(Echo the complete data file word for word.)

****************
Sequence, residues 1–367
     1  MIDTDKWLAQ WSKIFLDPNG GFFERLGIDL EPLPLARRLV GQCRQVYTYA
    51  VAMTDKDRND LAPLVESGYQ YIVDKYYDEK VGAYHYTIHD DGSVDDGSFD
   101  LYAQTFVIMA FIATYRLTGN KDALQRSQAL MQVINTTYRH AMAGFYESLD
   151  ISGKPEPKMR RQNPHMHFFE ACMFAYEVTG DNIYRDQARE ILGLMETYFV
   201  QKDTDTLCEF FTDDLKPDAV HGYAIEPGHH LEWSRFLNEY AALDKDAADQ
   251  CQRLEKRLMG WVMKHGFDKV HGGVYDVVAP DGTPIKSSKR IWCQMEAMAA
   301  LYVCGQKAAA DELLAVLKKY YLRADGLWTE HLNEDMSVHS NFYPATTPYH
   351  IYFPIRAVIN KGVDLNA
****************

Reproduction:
Sequence, residues 1–367
     1  MIDTDKWLAQ WSKIFLDPNG GFFERLGIDL EPLPLARRLV GQCRQVYTYA
    51  VAMTDKDRND LAPLVESGYQ YIVDKYYDEK VGAYHYTIHD DGSVDDGSFD
   101  LYAQTFVIMA FIATYRLTGN KDALQRSQAL MQVINTTYRH AMAGFYESLD
   151  ISGKPEPKMR RQNPHMHFFE ACMFAYEVTG DNIYRDQARE ILGLMETYFV
   201  QKDTDTLCEF FTDDLKPDAV HGYAIEPGHH LEWSRFLNEY AALDKDAADQ
   251  CQRLEKRLMG WVMKHGFDKV HGGVYDVVAP DGTPIKSSKR IWCQMEAMAA
   301  LYVCGQKAAA DELLAVLKKY YLRADGLWTE HLNEDMSVHS NFYPATTPYH
   351  IYFPIRAVIN KGVDLNA